Identifying sloes

Discuss sloe gin recipes - and all those secret family variations! Post your questions and replies here if they are about sloes and gin

Moderators: SloeHoHo, Blackthorn

Post Reply
kev
Posts: 3
Joined: 09 Nov 2014, 19:05

Identifying sloes

Post by kev » 18 Nov 2014, 17:50

Hello

I'm completely new to sloes after my other half bought me a foraging book.
I live in the south east and have found what I believe to be a good amount of sloes after stumbling across them.
What I would like to know is if sloes can be easily mistaken for any other berries, particularly anything poisonous. I have looked on line but have found nothing that gives me a definitive answer.
The leaves on the bushes I have found are oval with serrated edges and the berries have stones with green flesh however the branches were not particularly spiney although I understand that bushes vary.
If anyone could help or recommend a good book I would be really grateful.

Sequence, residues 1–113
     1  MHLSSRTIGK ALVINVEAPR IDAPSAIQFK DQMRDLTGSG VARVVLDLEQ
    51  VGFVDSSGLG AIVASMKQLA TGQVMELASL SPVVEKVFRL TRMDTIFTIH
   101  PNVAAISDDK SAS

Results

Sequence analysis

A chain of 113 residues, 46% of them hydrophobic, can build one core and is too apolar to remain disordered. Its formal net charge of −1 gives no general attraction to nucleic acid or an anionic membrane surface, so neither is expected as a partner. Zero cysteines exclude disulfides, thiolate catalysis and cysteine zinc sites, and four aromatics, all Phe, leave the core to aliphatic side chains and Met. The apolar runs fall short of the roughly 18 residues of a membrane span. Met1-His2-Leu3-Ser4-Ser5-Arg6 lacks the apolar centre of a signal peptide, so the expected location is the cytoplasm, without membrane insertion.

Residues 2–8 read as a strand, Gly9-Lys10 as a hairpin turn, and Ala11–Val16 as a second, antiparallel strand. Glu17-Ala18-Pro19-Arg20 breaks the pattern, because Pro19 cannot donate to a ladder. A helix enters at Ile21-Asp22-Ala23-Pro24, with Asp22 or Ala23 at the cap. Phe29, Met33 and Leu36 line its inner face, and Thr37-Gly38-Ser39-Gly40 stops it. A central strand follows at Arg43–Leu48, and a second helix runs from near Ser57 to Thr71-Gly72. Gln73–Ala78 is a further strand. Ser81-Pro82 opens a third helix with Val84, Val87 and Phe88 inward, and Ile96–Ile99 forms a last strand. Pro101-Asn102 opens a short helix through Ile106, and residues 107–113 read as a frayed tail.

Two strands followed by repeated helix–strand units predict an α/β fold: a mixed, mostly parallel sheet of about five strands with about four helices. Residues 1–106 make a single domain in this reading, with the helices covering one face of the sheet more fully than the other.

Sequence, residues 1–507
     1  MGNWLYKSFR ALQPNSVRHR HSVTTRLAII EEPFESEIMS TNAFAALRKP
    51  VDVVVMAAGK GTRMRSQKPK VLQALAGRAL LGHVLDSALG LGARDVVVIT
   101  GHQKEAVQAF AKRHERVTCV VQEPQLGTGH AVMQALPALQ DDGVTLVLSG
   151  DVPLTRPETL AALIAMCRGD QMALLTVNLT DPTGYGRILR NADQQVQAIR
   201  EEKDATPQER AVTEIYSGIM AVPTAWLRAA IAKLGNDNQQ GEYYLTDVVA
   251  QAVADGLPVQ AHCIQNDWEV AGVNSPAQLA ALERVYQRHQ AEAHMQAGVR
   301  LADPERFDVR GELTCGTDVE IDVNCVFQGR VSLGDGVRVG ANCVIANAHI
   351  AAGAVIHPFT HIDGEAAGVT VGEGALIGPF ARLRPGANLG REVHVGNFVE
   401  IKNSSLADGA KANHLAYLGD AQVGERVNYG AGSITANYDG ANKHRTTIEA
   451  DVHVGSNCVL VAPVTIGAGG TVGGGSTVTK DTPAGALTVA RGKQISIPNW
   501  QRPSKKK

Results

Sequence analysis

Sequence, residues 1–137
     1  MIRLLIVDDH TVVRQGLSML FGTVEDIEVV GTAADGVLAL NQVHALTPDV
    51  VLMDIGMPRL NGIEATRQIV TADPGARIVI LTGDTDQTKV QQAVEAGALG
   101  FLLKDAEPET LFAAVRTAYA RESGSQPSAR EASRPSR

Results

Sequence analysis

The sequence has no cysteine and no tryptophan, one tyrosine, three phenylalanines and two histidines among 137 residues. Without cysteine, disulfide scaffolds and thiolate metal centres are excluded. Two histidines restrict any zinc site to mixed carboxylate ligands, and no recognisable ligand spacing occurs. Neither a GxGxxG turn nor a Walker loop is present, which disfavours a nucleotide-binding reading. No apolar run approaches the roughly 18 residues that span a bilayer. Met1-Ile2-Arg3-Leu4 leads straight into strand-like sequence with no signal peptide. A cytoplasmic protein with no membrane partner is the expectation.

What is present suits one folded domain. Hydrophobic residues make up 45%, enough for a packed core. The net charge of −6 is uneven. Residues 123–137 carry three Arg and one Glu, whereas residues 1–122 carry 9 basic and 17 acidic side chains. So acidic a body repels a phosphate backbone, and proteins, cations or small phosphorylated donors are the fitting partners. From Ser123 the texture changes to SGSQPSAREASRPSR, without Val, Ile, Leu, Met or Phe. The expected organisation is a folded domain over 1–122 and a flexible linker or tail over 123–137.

ChrisR
Posts: 14
Joined: 19 Mar 2015, 15:20

Re: Identifying sloes

Post by ChrisR » 19 Mar 2015, 19:13

It's a bit late in the season :D but there's not much you can confuse with sloes and very few poisonous things. You should avoid Privet & Buckthorn - the former is poisonous and the latter just very very bitter. Avoid any red berries or anything that looks like a climber. If your fruits come from a woody shrub/tree in a hedge or by the road and the leaves are rough, darkish green and with serrated edges then it should belong to the plum family. Sloes will be fairly small (up to about 10mm diameter), dark blue/purple with a short stalk and a pale bloom. The bushes usually have stout thorns - if they don't and the fruit seems bigger on average then you might start to consider damsons or bullaces. Damsons are usually about 15mm diameter and oval ... bullaces are usually up to 20mm and round but can also come in a yellow/green form. Sloe skins are also quite bitter to the taste - leaving the mouth very dry - with a sweeter flesh inside. Damsons & bullaces are usually less dry but can be quite acidic.

Hope that helps :)

Post Reply